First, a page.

Red Hot Chili Peppers Teach It's Okay For Tastes to Change
I cannot stand the Red Hot Chili Peppers.
And that's why I love 'em.
I should explain: These days, I think the band's tepid blend of funk, punk, and alternative rock conveys none of the highlights of those forms. I think it's pretty much bland porridge. I didn't always think that, though. And because of that, the Red Hot Chili Peppers taught me one of the most important things about being an avid music consumer and fan.
The Red Hot Chili Peppers are scheduled to perform Tuesday, September 25, at Jobing.com Arena.
I'll rewind a bit.
I was in middle school in the early '90s, and the Chili Peppers were my favorite band. They seemed insouciant, irreverent, and cool. It helped that my best friend, Leif, and I considered ourselves weirder than the kids who were into predictable bands like Metallica, Bon Jovi, and GN' R. No, in an unfortunate preview of exclusive attitudes to develop in high school, we fancied Faith No More, Nirvana, The Cure, Ned's Atomic Dustbin, and Primus — bands not underground by any stretch, but when you're in middle school, you take what you can get. We affirmed our desire for individuality by latching onto bands our classmates Just Didn't Get.
I'll occasionally listen to some of the records from that time, and I usually make it through 10 seconds or so of each song before skipping. I don't like the music anymore, but I remember liking it, and I remember the middle-schooler who liked it. Mother's Milk, the Chili Peppers' 1989 album, was my first encounter with the band. I loved the mix of melody and weird harmonies, the funky cover of Stevie Wonder's "Higher Ground," the playfully strange "Magic Johnson." From there, I dug back into the back catalog, binging on the aggressive, bouncy funk of 1985's Freaky Styley and The Uplift Mofo Party Plan. Plus, hey, the band set a Dr. Seuss book to song with "Yertle the Turtle," and I that was perfect for a preteen not quite out of childhood but eager to enjoy "grownup" bands.
Blood Sugar Sex Magik (1991) was a high point — an album that I wore out. I pored over pictures of the band's tattoos in the liner notes to the cassette (!!!) and had to have a talk with my mom about the Parental Advisory sticker. It was the soundtrack to a few years of friendship with my crew. It was great. And though Blood Sugar was by far my favorite album of the time, it was its follow-up, 1995's One Hot Minute, that taught me one of my most valuable lessons — that it was okay to dislike something by a band you liked.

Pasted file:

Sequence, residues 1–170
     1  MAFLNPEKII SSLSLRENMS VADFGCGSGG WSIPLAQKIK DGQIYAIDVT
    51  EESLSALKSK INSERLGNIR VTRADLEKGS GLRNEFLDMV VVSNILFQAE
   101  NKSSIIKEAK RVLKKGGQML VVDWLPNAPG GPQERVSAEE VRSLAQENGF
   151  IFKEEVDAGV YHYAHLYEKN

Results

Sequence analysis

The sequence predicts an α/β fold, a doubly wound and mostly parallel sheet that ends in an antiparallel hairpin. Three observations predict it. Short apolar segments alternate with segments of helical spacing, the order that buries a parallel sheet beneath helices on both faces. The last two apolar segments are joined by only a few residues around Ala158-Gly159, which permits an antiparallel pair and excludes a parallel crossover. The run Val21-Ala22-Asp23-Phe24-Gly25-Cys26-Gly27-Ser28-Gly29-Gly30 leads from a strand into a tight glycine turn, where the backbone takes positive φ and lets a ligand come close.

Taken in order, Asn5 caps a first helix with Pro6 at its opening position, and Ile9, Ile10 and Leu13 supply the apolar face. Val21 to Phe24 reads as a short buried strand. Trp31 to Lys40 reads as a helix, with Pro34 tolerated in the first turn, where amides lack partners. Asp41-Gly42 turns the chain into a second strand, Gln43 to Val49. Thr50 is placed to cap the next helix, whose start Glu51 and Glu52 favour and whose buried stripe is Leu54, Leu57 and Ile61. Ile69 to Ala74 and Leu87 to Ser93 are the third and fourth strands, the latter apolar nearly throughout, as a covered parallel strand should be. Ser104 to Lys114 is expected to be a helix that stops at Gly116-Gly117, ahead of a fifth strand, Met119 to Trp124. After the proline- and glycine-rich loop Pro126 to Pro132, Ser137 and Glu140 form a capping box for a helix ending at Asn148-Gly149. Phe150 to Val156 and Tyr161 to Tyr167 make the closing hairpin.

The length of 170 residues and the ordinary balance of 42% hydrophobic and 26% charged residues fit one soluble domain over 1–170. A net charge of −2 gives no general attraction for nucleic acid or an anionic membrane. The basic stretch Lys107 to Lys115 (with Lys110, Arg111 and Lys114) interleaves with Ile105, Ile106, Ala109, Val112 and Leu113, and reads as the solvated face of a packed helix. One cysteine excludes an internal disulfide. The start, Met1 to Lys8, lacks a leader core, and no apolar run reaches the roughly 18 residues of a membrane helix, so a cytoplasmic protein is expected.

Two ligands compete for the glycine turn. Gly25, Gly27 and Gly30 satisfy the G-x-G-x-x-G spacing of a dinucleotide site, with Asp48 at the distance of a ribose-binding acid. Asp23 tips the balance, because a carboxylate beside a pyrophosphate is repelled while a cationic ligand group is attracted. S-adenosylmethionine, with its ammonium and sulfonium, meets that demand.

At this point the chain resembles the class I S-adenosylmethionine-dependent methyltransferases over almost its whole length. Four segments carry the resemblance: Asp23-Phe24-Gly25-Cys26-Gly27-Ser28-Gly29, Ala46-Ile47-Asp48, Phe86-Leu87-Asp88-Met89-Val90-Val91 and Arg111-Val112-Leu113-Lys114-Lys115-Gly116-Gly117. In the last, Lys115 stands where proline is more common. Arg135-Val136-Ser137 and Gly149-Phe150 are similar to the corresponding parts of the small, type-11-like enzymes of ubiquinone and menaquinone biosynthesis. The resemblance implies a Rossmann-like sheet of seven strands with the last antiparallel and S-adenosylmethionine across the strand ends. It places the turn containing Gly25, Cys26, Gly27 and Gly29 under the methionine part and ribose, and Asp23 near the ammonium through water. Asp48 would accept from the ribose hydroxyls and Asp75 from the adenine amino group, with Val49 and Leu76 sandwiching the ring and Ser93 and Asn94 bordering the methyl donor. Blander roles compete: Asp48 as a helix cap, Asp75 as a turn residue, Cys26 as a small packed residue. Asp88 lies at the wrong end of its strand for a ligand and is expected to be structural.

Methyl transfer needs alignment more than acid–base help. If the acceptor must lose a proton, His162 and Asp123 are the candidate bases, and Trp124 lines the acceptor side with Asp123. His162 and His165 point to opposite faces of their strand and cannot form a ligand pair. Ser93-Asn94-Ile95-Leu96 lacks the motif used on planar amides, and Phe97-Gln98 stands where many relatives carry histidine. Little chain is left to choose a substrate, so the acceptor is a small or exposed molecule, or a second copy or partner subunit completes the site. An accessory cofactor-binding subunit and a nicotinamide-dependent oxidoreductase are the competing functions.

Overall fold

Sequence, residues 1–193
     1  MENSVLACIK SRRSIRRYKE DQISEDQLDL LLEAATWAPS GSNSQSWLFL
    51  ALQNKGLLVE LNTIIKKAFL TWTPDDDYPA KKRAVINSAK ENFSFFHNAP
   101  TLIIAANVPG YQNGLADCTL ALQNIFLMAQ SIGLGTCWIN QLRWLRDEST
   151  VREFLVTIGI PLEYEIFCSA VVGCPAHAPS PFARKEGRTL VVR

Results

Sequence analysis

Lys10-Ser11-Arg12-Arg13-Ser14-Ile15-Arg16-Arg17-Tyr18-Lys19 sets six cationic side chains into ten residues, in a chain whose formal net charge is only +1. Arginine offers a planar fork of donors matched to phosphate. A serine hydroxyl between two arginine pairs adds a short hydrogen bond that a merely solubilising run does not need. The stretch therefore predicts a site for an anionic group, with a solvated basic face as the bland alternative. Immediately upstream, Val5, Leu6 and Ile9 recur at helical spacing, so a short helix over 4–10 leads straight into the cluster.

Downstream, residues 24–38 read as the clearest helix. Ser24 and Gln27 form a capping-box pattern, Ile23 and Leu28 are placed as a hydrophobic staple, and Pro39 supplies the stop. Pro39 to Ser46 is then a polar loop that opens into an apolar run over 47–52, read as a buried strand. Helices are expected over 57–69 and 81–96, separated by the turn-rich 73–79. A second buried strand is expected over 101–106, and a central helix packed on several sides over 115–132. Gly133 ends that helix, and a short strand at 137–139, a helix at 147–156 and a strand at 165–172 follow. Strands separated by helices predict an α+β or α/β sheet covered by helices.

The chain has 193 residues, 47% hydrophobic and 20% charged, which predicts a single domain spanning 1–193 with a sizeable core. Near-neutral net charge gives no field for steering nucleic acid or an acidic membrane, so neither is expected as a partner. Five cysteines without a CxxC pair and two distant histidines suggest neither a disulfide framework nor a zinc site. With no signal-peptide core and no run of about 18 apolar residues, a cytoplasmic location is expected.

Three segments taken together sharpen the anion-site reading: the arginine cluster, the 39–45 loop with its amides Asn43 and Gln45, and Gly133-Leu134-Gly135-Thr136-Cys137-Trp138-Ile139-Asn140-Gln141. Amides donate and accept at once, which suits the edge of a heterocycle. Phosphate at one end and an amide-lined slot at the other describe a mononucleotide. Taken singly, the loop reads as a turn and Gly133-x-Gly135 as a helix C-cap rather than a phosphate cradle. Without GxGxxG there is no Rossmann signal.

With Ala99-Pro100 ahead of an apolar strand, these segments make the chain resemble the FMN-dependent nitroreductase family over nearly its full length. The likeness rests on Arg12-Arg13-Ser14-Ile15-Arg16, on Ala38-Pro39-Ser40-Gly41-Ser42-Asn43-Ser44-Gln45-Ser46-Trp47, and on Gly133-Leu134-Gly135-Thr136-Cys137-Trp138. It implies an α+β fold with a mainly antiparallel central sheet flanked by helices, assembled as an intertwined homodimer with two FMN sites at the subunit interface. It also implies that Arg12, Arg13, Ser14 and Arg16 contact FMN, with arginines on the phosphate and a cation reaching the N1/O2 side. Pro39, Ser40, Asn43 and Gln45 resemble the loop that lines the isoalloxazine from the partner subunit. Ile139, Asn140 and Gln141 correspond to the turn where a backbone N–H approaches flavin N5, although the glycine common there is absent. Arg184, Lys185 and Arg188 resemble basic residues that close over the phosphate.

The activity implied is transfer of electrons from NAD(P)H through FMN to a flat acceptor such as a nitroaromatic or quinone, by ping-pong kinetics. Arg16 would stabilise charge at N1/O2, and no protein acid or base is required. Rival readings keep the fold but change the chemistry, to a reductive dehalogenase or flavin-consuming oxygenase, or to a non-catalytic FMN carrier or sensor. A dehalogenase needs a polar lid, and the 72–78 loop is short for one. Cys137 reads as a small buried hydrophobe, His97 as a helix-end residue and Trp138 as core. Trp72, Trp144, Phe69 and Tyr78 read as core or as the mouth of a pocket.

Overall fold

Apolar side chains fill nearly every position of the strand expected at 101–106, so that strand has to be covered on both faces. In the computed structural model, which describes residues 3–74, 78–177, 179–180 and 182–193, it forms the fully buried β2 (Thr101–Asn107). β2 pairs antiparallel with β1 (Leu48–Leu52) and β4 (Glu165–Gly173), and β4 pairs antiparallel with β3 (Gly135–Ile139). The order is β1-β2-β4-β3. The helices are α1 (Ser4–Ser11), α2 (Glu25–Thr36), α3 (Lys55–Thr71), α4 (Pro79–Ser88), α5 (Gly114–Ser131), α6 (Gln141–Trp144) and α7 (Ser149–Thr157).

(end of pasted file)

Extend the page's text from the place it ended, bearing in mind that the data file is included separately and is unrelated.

Up until that album's release, I "liked" the Red Hot Chili Peppers. I was on their team. They were one of my favorites, and that's all I needed to know. But One Hot Minute — a transitional release, with Jane's Addiction's Dave Navarro on guitar — threw me. It didn't sound like the band I'd known. The lyrics seemed lightweight, the music wasn't interesting, and I thought it was just that I wasn't giving it the time it needed. I realized, though, that I just didn't like the album, and that led me down the path of thinking critically about individual pieces of art — songs, albums, movies, etc. — on their own terms. It also taught me that liking a band didn't need to be a defining aspect of one's personality. Despite being an immature band (socks on cocks, guys?), the Chili Peppers were instrumental in my becoming a mature music listener, lover, critic, and consumer.
So, the band's coming up on its 30th anniversary. At the time I started listening to the Chili Peppers in the early '90s, the Rolling Stones also had been around nearly 30 years, and they seemed impossibly old, irrelevant, and unrelatable. I wonder if that's how the Chili Peppers seem to kids today. Probably not, I'm sure the show this week will be packed with people in their teens and 20s. I won't find out — I won't be there. Everything the band's put out since the '90s has sounded bad to me, and I have no interest in revisiting the early stuff. I'll probably be at home not listening to the Chili Peppers — but I'm so glad I used to like them, and then stopped.
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